As much fun as a barrel of monkeys
More fun than a barrel full of monkeys
As funny as a barrel of monkeys
More Fun Than a Barrel of Monkeys: very fun or enjoyable; very amusing. 1Ammer, Christine. American Heritage Dictionary of Idioms. Boston: Houghton Mifflin Harcourt, 2013.,2Spears, Richard A. McGraw-Hill’s American Idioms Dictionary. Boston: McGraw Hill, 2008.
As funny as a barrel of monkeys: very funny.
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“My dad said the circus was more fun than a barrel of monkeys. It would have been better if they actually had a barrel of monkeys.”
“You’ll love Vic, he’s as fun as a barrel of monkeys.”
“The play was as funny as a barrel of monkeys.”
The word monkey first entered English in the 1500’s, deriving from the Arabic word maimun. Although the term strictly refers to lower primates, and not the higher apes, it is generally used to refer to all primates except humans and gorillas.
Monkeys, due to their playful antics and mimicry, have long been a source of amusement and a chief attraction at zoos. 3Ammer, Christine. It’s Raining Cats and Dogs and Other Beastly Expressions. BookBaby, 2012. However, the precise origin of barrel of monkeys, first recorded in the late 1800’s, is unknown. We can speculate that it is an allusion to releasing a barrel of monkeys, and the funny antics that would ensue. 4Ammer, Christine. American Heritage Dictionary of Idioms. Boston: Houghton Mifflin Harcourt, 2013.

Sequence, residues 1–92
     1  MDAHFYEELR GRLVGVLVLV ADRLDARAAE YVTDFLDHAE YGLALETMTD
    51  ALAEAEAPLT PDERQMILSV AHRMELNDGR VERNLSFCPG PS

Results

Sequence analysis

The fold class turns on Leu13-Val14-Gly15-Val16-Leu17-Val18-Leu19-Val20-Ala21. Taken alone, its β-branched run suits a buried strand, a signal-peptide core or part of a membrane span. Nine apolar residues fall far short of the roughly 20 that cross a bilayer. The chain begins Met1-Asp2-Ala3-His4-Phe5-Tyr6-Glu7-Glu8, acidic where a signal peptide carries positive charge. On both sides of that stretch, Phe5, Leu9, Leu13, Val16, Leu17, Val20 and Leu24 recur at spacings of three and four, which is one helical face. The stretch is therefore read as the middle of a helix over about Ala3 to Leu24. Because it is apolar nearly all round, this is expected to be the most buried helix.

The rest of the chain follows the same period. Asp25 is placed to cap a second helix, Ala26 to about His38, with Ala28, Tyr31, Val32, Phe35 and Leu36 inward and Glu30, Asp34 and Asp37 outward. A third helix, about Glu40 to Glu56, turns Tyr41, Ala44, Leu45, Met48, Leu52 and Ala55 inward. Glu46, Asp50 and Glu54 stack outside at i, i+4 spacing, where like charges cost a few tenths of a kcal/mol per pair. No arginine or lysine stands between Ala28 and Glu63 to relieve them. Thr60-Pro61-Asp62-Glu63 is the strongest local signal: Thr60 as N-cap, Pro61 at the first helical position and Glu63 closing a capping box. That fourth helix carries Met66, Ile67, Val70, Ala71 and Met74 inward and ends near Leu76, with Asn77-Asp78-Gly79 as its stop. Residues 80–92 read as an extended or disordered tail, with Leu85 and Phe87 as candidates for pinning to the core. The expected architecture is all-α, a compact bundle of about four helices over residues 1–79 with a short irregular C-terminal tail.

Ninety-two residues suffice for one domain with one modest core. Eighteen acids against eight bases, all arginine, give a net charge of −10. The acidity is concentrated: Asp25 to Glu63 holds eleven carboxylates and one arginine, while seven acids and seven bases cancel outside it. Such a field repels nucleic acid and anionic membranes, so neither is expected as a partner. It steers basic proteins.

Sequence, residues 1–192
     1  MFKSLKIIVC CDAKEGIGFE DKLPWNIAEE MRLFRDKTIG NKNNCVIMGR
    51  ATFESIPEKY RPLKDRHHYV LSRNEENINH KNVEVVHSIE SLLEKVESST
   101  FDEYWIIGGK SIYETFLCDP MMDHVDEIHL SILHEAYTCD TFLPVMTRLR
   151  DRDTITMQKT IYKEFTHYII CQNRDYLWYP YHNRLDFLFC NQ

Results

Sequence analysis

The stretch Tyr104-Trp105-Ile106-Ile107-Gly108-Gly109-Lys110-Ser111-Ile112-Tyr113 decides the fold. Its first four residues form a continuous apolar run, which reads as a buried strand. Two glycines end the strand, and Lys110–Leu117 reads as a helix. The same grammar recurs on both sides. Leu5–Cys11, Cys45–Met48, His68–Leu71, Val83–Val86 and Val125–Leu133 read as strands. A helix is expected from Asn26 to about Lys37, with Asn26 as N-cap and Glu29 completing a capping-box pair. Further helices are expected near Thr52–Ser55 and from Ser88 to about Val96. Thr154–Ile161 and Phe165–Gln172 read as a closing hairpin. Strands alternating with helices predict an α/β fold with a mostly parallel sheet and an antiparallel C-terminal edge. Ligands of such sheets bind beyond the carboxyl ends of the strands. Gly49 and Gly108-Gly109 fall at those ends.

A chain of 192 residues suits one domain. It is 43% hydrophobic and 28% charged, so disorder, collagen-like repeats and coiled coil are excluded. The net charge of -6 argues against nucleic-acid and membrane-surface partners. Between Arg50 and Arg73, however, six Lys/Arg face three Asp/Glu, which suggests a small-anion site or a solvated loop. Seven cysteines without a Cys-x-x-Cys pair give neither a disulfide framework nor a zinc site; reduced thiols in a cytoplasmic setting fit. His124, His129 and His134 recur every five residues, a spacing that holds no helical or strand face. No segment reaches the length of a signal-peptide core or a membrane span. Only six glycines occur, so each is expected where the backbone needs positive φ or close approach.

The related expression barrel of laughs did not originate until the late 1900’s, and appears to be a variation of barrel of monkeys.
The idiom inspired the popular children’s toy/game Barrel of Monkeys, developed in 1966 by Lakeside Industries of Minneapolis, Minnesota, and later marketed by Hasbro. The game consisted of twelve plastic monkeys in a plastic barrel. The monkeys could be different colors: yellow, blue, red, and green; or all one color. The barrel was red, yellow, or blue. The object of the game was to see how many monkeys you could pull out of a pile at once, by hooking together their arms. 5Augustyn, Frederick J. Dictionary of Toys and Games in American Popular Culture. Haworth Reference Press, 2004.
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Sources [ + ]
|1, 4.||↲||Ammer, Christine. American Heritage Dictionary of Idioms. Boston: Houghton Mifflin Harcourt, 2013.|
|2.||↲||Spears, Richard A. McGraw-Hill’s American Idioms Dictionary. Boston: McGraw Hill, 2008.|
|3.||↲||Ammer, Christine. It’s Raining Cats and Dogs and Other Beastly Expressions. BookBaby, 2012.|
|5.||↲||Augustyn, Frederick J. Dictionary of Toys and Games in American Popular Culture. Haworth Reference Press, 2004.|